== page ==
A sad love letter to the Iron Lady

While Mrs Thatcher's PR supremo can't quite shake off his old dissembling habits, a mixture of hero worship, scorn and vulnerability makes for an enjoyable read, says Robert Phillips

by Robert Phillips

This could have been a great media memoir – stripping bare the advertising and PR world, as Anthony Bourdain's Kitchen Confidential did with restaurants and chefs. But there is little sex, drugs and rock 'n' roll. Instead, Tim Bell offers us a sad love story.

Editors Hopper and Vallance treat the man gently and respectfully. It is a calm, enjoyable read, meandering through the bigger political characters and frontline events of the day (the miners' strike, the Falklands, the Brighton bomb, Wapping, several elections and the end of apartheid). Tim Bell was a front-row observer, though never with the intimate, crafting genius that Alastair Campbell enjoyed with Tony Blair. Right or Wrong is no Campbell diary; there is wistfulness about Bell, a frustrated politician, who maybe wishes it was.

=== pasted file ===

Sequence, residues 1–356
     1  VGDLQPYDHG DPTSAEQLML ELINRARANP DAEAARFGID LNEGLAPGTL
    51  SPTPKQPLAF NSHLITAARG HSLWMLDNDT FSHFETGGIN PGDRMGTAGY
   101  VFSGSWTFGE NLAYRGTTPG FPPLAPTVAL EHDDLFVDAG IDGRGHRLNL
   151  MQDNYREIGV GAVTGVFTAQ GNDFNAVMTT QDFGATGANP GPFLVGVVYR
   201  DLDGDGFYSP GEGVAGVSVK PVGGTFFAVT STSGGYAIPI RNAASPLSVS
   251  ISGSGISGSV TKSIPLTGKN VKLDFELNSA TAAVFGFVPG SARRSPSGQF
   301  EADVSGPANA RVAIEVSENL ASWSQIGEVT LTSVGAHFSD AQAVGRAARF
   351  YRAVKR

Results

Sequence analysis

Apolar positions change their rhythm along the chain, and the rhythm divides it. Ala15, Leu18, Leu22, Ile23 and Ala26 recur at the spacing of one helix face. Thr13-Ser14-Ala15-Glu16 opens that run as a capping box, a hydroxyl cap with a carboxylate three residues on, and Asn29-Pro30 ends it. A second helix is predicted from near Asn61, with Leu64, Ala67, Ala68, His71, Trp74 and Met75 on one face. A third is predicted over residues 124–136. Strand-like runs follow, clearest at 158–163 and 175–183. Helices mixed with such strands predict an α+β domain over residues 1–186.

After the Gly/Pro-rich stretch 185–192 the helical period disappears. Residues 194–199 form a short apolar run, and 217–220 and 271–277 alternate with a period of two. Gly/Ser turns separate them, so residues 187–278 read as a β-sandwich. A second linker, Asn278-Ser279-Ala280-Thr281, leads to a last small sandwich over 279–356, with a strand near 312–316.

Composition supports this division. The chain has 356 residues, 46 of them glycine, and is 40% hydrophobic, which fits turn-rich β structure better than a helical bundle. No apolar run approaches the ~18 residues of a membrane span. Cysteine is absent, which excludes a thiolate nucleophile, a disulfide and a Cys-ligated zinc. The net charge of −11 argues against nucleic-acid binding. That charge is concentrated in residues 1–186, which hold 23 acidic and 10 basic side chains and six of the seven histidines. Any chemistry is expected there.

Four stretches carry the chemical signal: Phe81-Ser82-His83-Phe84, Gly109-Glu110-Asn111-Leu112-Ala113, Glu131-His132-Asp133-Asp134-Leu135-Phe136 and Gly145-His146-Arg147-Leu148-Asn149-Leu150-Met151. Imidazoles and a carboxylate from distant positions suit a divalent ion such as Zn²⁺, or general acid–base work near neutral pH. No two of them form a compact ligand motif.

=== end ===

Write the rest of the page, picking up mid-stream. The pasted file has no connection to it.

'This is not a confessional,' Bell muses. 'I don't want to dredge up some of the more unacceptable things I was doing.' He leaves the reader wondering about the gaps – people and stories - and whether they have been omitted for personal, legal or therapeutic reasons. Having survived cancer, this book is often Bell's catharsis.

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